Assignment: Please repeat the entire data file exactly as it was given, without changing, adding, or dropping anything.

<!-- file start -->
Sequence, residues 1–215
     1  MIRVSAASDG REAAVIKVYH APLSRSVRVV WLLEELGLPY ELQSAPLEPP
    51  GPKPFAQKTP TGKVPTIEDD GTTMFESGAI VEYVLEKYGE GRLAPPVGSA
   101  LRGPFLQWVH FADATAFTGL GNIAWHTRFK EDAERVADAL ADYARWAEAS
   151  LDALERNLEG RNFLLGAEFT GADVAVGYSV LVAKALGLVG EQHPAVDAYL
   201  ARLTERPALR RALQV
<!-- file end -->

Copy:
Sequence, residues 1–215
     1  MIRVSAASDG REAAVIKVYH APLSRSVRVV WLLEELGLPY ELQSAPLEPP
    51  GPKPFAQKTP TGKVPTIEDD GTTMFESGAI VEYVLEKYGE GRLAPPVGSA
   101  LRGPFLQWVH FADATAFTGL GNIAWHTRFK EDAERVADAL ADYARWAEAS
   151  LDALERNLEG RNFLLGAEFT GADVAVGYSV LVAKALGLVG EQHPAVDAYL
   201  ARLTERPALR RALQV